Eddie Redmayne is competing for Best Actor for his work in "Les Miserables."

Credit: Universal Pictures

Evening Standard nominees pit 'Skyfall' against UK indies

The British film awards take place tonight

The Evening Standard Film Awards -- among the most independent-minded stops on the UK awards scene -- have a rather circuitous way of revealing their nominees, first revealing a longlist too unruly to warrant a mention (this year's featured "The Dictator" up for Best Film, for example), before announcing a three-per-category shortlist a couple of weeks before the ceremony.

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<p>Sam Mendes and Daniel Craig on the set of &quot;Skyfall.&quot;</p>

Sam Mendes and Daniel Craig on the set of "Skyfall."

Credit: Sony Pictures

'Argo' and 'Skyfall' tops with UK Regional Critics

Meanwhile, Team Edward makes its vote count

"Argo" may have been ruling the awards roost in the US for a couple of weeks now, but only this week are we going to learn if the Brits are quite as enamored of Ben Affleck's political thriller. It lost all four of its bids at the London Critics' Circle Awards two weeks ago, but this weekend, we'll see if BAFTA adds to its laurels -- I increasingly suspect they will, though it's no sure thing.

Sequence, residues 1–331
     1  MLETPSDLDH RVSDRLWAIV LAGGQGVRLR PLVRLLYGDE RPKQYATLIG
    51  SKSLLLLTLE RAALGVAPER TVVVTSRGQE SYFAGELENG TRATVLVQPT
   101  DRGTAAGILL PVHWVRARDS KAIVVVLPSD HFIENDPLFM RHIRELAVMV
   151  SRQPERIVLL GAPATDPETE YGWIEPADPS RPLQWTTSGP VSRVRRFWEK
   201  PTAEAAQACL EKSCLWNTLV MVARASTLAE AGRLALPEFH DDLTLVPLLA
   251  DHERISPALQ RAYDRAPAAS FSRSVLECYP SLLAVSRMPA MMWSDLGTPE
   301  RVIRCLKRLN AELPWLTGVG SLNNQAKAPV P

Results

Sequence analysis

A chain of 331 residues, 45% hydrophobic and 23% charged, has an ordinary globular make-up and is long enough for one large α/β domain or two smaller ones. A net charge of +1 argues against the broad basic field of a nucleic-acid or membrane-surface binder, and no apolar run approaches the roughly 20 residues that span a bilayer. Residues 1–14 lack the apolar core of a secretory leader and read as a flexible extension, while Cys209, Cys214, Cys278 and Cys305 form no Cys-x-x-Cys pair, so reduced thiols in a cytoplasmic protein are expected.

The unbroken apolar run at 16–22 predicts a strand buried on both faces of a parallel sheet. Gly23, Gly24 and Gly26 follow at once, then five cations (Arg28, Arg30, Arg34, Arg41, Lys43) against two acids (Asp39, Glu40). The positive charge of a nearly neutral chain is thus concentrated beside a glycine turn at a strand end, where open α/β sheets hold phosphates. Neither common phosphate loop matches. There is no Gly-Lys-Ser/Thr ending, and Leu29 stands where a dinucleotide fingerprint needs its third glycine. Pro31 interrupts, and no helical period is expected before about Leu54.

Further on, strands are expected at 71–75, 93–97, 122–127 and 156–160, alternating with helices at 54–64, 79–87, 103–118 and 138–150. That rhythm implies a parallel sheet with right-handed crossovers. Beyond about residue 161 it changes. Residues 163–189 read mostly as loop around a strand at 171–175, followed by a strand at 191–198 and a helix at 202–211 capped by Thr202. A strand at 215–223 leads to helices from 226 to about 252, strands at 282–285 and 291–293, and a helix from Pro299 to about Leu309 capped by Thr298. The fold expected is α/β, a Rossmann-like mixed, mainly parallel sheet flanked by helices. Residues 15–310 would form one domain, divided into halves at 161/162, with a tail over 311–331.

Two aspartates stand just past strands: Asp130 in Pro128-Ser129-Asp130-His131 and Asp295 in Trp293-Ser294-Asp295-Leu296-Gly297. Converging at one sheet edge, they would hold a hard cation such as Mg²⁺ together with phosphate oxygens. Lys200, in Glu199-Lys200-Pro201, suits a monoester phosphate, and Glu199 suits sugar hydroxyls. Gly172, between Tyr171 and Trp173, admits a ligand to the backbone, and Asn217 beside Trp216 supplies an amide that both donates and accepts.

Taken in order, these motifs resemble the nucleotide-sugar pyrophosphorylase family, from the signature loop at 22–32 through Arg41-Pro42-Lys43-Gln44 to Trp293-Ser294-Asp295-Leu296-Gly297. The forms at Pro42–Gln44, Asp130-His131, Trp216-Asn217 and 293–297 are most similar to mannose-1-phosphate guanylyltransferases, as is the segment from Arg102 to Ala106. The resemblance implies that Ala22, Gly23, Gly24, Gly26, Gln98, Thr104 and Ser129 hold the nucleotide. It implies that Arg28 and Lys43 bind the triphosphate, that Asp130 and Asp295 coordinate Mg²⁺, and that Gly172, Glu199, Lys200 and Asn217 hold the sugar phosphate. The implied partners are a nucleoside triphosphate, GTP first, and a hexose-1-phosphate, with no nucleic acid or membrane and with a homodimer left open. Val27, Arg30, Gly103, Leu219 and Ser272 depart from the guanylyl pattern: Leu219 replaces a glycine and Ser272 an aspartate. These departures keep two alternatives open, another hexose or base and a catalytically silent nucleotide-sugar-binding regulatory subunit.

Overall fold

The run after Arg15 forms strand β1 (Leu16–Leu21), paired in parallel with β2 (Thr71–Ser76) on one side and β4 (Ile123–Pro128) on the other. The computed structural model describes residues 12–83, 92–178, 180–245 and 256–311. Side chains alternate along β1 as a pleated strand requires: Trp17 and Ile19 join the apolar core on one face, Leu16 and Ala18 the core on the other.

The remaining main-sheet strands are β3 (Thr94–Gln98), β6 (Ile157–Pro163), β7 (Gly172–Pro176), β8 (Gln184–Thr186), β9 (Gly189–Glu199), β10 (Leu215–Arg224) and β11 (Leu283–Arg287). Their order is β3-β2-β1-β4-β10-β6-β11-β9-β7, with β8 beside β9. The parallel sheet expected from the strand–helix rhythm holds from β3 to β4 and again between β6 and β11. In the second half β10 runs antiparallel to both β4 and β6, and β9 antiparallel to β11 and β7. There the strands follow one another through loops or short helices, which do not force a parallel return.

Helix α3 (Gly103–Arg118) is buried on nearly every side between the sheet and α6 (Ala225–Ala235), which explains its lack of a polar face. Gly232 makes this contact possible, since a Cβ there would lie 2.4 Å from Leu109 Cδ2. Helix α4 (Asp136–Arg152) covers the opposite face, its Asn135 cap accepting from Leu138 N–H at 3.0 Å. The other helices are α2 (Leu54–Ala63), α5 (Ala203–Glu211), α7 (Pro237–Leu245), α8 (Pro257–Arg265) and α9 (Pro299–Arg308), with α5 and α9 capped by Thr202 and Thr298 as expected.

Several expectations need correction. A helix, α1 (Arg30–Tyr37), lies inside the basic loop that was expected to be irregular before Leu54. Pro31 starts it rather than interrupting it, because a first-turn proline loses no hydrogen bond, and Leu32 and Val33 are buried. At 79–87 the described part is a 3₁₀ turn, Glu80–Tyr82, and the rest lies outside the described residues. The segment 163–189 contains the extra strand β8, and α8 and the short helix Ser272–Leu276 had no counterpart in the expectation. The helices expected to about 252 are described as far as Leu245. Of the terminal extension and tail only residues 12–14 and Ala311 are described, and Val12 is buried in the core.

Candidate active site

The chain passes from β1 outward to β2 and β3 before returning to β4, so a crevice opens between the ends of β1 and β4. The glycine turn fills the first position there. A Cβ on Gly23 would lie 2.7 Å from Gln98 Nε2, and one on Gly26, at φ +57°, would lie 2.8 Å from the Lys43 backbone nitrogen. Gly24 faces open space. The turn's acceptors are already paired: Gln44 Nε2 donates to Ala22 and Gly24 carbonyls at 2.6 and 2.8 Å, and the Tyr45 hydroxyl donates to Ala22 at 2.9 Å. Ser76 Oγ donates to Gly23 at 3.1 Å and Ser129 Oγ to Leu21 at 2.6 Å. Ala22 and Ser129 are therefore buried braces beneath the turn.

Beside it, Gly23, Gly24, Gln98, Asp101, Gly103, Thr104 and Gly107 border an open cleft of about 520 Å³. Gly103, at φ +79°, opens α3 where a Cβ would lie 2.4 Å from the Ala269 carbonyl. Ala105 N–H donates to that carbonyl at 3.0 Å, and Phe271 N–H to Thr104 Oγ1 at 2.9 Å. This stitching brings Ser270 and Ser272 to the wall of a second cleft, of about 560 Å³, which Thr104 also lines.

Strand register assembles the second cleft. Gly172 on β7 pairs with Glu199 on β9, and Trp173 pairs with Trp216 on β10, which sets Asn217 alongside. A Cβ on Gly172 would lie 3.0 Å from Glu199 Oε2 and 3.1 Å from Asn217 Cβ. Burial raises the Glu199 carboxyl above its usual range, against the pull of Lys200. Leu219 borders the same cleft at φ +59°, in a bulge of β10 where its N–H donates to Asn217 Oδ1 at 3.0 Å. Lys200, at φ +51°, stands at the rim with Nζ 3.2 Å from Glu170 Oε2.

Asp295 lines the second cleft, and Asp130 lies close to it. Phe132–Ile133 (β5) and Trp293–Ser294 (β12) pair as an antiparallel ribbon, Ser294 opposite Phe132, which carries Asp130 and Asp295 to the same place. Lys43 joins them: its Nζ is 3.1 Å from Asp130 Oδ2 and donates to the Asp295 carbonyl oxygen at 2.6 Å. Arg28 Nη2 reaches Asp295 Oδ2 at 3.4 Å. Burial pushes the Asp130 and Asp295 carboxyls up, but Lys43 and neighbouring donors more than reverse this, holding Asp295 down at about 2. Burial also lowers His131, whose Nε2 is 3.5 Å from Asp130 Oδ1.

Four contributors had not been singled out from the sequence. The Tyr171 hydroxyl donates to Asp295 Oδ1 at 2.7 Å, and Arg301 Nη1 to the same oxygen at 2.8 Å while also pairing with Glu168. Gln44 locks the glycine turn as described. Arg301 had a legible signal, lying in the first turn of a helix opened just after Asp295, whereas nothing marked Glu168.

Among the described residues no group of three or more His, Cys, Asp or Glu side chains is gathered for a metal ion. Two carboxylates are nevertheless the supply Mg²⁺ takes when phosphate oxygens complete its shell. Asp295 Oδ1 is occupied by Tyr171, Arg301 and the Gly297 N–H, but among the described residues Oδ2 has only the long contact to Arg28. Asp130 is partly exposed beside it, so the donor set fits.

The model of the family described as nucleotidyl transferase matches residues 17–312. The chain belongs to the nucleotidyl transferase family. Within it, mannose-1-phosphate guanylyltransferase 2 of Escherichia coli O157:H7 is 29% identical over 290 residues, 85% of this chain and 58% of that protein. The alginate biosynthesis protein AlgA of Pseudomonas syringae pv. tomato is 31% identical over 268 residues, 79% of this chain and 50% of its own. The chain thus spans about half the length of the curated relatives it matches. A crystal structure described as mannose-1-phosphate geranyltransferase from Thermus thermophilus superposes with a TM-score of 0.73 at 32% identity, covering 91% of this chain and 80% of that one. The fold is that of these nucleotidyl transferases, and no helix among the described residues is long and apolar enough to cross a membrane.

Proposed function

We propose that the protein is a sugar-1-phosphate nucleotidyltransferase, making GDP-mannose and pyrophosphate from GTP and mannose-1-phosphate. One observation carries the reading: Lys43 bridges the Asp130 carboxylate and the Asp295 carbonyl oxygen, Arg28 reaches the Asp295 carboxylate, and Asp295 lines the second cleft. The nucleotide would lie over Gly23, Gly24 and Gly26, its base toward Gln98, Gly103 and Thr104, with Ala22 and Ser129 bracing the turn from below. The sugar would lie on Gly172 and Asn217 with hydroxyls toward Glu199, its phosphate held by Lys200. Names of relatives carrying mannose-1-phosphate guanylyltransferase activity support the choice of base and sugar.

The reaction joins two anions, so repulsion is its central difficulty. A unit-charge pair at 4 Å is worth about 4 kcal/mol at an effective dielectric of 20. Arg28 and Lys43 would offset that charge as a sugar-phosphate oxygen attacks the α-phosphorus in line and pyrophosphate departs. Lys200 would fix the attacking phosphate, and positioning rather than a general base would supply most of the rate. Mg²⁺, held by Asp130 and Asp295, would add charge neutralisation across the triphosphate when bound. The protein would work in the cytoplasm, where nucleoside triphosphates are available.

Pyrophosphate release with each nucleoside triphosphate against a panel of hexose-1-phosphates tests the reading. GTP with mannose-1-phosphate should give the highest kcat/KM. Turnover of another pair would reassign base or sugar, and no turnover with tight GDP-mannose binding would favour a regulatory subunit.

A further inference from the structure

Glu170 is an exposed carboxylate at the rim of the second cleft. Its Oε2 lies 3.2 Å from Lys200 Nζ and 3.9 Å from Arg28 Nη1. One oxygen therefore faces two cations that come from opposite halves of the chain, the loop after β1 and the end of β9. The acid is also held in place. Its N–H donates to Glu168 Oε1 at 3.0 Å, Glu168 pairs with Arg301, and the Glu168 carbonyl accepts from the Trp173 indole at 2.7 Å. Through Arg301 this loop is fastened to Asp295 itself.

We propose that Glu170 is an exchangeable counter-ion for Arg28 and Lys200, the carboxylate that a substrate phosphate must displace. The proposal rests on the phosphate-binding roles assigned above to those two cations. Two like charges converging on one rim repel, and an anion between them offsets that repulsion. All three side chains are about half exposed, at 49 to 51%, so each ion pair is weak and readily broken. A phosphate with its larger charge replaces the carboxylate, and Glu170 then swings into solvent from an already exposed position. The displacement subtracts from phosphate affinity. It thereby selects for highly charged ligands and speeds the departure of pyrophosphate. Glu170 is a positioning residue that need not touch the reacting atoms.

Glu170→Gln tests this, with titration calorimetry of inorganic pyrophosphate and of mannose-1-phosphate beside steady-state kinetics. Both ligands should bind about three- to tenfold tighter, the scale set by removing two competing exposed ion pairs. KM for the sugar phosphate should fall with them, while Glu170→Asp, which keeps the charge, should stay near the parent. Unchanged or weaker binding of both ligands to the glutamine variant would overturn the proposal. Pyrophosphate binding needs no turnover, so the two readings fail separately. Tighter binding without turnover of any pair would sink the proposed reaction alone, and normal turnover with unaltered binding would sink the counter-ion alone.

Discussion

Still, "Argo" has received at least one British vote of confidence from the UK Regional Film Awards, representing the country's non-London-based critics. It received their Film of the Year award, though Affleck was pipped by "Skyfall" helmer Sam Mendes to Director of the Year. In their one public-voted award, meanwhile, Robert Pattinson took British Performance of the Year for the last "Twilight" film, which must come as some consolation after being cruelly shut out all season. Winners after the jump, and at The Circuit.